Opera in the Movies
The first known opera was produced in Italy way back in 1597. Since then there have been hundreds of incarnations of this form of musical theater. What distinguishes opera from other forms of theater is that it is wall-to-wall singing, usually in a non-English language.
As a source of inspiration, opera music has always been popular with filmmakers. You might not know the specific details of an opera, but you’ve probably heard the music before. It’s easy to see why so many writers and directors turn to opera to add another layer to their memorable characters. The following is a list of opera loving characters from the sliver screen and the operas they love.
10. Alex Forrest (Glenn Close), Fatal Attraction
To some men, Alex is probably a scarier character then Hannibal Lector or Freddy Kruger combined: she is the woman scorned. An extramarital affair between Alex and Dan Gallagher (Michael Douglas) triggers some serious obsessive-compulsive behavior issues for Alex. Her opera of choice: “Madame Butterfly.” It’s playing in the scene when Alex is flipping out by flipping her light on an off. “Madame Butterfly” is the story of a Japanese woman who falls in love with a British soldier. When he dumps Butterfly to return to his “regular life” she cracks up and kills herself. The original ending of “Fatal Attraction” had Alex committing suicide and framing Dan for the murder. Clearly she was taking inspiration from her favorite opera. That ending was filmed but didn’t test well with audiences. A new ending was shot where Dan gets to choke the life out of Alex before his wife Beth (Anne Archer) gets in her shot. The original ending was kept in the movie for Japanese audiences.
9. Ronny Cammareri (Nicholas Cage), Moonstruck
At the opening of the story, feisty and independent widow Loretta becomes engaged to momma’s boy Johnny Cammareri (Danny Aiello). Looking at the rest of her potentially uneventful and lonely life, Loretta has decided to “settle” for Johnny because he is a good man and a good provider. Uneventful, until she meets Johnny’s younger brother Ronny (Nicholas Cage): a brooding, bad boy baker. Yet, Loretta knows their one night of passion was a huge mistake and she encourages Ronny to “snap out of it.” If he’s going down he wants at least one great date night to remember for the rest of his life and, lucky for him, “La Boheme” happens to be playing at the Met.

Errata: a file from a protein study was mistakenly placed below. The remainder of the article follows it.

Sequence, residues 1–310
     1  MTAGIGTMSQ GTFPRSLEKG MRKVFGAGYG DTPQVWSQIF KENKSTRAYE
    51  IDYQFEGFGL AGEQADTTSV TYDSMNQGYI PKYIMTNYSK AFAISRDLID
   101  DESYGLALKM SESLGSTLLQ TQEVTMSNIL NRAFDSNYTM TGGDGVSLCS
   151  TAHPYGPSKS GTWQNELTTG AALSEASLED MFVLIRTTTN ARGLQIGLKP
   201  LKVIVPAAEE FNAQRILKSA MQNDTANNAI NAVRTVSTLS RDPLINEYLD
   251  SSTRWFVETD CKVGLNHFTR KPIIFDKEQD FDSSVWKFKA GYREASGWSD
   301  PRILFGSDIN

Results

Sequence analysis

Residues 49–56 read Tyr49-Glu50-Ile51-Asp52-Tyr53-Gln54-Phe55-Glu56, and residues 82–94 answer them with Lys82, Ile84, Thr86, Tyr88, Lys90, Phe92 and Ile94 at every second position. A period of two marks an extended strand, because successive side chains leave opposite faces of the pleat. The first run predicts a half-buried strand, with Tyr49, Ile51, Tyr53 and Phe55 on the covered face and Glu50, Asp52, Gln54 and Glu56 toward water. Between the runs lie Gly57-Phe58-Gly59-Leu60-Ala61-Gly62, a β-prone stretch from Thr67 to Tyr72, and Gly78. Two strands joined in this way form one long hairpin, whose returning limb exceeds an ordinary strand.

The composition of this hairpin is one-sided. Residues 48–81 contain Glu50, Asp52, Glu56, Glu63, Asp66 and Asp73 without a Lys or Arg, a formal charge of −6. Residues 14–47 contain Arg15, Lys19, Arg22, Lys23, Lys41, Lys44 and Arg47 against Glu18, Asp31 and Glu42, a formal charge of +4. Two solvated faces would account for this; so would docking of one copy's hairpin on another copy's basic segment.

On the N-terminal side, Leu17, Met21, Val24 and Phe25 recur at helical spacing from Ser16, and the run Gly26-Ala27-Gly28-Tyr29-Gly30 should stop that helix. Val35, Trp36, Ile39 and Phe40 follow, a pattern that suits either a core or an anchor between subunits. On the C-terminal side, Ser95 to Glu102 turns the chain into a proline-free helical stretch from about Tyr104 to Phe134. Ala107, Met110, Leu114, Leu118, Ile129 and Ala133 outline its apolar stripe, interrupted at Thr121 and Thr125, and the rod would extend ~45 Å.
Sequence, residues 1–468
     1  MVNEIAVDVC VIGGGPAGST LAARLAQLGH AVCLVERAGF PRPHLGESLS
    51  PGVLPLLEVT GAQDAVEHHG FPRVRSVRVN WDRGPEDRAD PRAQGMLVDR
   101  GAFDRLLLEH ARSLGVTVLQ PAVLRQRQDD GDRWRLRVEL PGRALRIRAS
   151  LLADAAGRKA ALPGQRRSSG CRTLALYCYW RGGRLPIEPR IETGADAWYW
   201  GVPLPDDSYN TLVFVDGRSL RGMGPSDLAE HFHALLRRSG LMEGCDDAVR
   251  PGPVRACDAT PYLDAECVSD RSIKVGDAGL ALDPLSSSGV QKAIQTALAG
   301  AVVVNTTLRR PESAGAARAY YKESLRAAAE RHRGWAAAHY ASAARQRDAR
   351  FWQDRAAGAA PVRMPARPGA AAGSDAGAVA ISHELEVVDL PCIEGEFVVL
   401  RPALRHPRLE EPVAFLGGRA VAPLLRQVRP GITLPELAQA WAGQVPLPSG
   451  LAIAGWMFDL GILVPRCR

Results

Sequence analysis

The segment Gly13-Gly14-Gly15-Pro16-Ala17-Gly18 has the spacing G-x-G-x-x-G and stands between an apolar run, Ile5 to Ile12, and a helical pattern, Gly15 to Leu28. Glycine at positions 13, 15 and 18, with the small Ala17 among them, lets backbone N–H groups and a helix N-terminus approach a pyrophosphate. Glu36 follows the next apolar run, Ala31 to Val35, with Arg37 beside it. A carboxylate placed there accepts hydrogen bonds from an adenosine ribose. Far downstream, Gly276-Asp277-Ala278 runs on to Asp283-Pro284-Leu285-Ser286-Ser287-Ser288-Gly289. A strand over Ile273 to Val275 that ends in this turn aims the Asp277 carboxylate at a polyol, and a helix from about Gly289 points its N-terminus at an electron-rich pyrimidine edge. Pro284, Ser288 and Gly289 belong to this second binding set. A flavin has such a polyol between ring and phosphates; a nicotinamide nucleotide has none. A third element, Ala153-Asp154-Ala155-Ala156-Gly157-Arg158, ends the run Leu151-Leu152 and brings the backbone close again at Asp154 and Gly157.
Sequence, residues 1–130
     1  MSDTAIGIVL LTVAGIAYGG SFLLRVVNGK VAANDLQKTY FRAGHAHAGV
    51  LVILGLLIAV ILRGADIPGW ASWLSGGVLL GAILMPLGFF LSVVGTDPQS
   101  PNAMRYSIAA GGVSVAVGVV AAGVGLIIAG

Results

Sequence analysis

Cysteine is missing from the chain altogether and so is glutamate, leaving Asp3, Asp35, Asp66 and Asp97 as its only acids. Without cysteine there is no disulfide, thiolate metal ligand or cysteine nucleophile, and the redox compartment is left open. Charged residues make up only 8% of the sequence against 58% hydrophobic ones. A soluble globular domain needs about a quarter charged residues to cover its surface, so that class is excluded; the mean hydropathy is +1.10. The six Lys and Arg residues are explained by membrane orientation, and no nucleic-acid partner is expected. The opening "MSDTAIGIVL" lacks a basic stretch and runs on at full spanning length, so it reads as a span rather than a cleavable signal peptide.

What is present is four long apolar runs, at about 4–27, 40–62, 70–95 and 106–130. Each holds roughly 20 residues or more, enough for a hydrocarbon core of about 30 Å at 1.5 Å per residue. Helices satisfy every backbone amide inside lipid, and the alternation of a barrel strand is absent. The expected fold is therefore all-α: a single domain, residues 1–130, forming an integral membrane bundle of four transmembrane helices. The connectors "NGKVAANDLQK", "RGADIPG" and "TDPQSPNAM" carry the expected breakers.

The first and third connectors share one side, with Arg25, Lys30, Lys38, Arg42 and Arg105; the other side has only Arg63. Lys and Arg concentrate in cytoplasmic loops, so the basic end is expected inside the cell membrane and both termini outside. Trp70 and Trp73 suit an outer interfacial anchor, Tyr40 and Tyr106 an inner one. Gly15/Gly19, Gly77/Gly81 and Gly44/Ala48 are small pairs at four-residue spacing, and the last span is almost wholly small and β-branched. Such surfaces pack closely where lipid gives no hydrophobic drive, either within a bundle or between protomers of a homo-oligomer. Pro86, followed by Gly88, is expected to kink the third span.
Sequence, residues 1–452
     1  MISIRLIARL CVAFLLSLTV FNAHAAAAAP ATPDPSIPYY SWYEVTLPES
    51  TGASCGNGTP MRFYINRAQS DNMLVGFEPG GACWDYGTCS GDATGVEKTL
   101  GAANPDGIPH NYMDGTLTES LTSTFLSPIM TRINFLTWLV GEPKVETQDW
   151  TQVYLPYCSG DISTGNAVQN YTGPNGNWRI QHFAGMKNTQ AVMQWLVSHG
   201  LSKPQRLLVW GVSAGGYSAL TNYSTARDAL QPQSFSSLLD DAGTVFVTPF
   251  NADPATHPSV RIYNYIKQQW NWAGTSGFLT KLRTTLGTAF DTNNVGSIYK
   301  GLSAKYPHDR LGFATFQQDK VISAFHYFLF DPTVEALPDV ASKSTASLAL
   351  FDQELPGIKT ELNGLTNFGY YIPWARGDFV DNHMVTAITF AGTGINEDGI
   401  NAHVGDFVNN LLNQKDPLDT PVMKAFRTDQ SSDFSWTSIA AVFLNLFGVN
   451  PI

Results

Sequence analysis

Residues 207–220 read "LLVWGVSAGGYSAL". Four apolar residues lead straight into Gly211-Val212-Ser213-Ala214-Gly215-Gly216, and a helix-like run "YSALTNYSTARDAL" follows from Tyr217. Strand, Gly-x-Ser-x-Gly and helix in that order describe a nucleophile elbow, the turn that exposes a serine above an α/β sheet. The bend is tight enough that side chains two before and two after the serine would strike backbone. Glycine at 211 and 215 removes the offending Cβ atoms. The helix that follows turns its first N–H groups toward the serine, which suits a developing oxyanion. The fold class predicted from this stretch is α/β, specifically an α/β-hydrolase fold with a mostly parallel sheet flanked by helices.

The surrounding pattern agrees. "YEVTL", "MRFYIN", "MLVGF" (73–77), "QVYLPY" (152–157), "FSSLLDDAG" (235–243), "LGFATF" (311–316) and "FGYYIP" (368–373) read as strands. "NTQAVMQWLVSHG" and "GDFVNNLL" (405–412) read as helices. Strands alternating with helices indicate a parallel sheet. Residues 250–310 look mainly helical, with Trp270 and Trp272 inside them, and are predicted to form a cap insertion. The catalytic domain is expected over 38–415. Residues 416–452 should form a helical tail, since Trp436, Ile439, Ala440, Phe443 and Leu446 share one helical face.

If you’re Italian, you probably love Puccini opera. It’s in the blood. “La Boheme” is the story of ill-fated lovers Rudolpho and Mimi. They meet once and fall hopelessly in love but fate keeps them apart. It’s the perfect metaphor for Ronny and Loretta. We see glimpses of the opera being performed, emphasizing the emotions of the two characters and the complexities of their relationship. As Loretta returns home kicking a can, we can hear the haunting strains of the score.
Things worked out better for Ronny and Loretta then they did for Rudolpho and Mimi. If you want to see a modernized version of “La Boheme” watch “Rent;” it’s the same story in the same way that “West Side Story” is really “Romeo and Juliet.”
8. Bugs Bunny (Mel Blanc), What’s Opera, Doc?
For many of us, our first exposure to opera was, “What’s Opera, Doc?,” a Bugs Bunny cartoon originally released in movie theatres in 1957 (and still showing on TV to this day). Here, Richard’s Wagner massive three opera Ring Cycle or “The Ring of Nibelung” (“Der Ring des Nibelungen” in the original German) provided the inspiration for yet another epic battle between Elmer Fudd (playing demigod Siegfried) and Bugs.
After a lot of running around the impressive Chuck Jones landscapes, Bugs goes all “Tootsie” on Elmer by dressing up at Brunnhilde. It works and Elmer falls madly in “wuv”… until Bugs’ wig falls off. There is just no way you can walk away from viewing this cartoon without singing, “kill the wabbit, kill the wabbit!” Congratulations, you’re singing opera… sort of.